The Connecticut public health department is urging residents to test their homes for radon gas, the leading cause of lung cancer in non-smokers. Health officials estimate that radon is responsible for more than 21,000 lung cancer deaths each year in the United States.
“Radon is present at elevated levels in about one of every five homes in Connecticut,” public health commissioner Jewel Mullen said last week. “However, because you can’t see or smell radon, people are often unaware that there might be a silent killer in their home.”
The month of January has been designated as the National Radon Action Month by the U.S. Environmental Protection Agency. Radon is a naturally-occurring radioactive gas formed from the natural decay of uranium. It is found in rock, soil and water. While radon in outdoor air poses a relatively low threat to human health, radon can enter homes from the surrounding soil and become a health hazard inside buildings.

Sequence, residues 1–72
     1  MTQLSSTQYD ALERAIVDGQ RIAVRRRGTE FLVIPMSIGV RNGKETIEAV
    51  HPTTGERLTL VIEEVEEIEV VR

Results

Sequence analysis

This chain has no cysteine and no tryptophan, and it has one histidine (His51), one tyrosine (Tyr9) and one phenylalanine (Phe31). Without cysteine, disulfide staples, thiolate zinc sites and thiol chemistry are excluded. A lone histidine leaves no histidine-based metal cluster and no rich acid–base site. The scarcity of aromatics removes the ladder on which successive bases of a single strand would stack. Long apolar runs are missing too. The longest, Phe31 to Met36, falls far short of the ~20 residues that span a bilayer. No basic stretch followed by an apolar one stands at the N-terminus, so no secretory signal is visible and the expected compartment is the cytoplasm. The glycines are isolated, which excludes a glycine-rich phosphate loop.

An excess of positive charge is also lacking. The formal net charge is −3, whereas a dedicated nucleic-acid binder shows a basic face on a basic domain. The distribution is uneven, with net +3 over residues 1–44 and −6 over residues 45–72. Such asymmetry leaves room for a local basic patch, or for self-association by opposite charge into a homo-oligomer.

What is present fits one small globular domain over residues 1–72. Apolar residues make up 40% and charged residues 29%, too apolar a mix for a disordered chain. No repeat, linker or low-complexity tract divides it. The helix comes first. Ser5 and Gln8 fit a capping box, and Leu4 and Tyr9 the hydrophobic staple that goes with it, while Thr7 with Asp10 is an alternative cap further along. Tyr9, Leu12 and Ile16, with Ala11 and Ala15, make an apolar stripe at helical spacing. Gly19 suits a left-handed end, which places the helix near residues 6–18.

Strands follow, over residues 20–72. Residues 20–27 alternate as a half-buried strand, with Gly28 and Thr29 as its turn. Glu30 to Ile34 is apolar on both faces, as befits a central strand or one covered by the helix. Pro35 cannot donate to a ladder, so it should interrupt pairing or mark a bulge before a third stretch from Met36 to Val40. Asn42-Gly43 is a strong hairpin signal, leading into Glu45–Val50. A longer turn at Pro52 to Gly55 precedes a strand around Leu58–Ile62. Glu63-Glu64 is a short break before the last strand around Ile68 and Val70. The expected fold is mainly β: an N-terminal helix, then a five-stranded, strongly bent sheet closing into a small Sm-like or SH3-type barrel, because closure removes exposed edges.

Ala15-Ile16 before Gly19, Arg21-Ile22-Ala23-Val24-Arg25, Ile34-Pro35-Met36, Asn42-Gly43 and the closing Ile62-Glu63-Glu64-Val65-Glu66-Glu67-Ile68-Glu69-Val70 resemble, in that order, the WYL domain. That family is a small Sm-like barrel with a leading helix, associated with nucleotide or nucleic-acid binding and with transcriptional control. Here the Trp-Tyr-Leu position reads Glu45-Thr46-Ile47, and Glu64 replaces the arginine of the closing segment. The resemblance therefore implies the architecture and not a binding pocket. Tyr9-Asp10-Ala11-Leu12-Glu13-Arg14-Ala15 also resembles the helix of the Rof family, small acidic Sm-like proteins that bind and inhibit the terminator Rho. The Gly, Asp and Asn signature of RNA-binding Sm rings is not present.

All Connecticut homes should be tested for radon and action should be taken to reduce high levels, the commissioner said. She added that testing homes for radon is simple and inexpensive.
The U.S. Environmental Protection Agency recommends that homes with radon levels at 4.0 pCi/L or higher should be fixed. Radon exposure at any level poses some health risk, according to health officials. Homeowners should consider reducing radon levels that are greater than 2.0 pCi/L. Radon problems can be corrected by qualified radon contractors, with costs typically ranging between $1,200 and $1,500. A homeowner should hire a qualified radon mitigation contractor to decrease airborne radon levels.
The Connecticut public health department offers more information on radon on its website, at www.ct.gov/dph/radon
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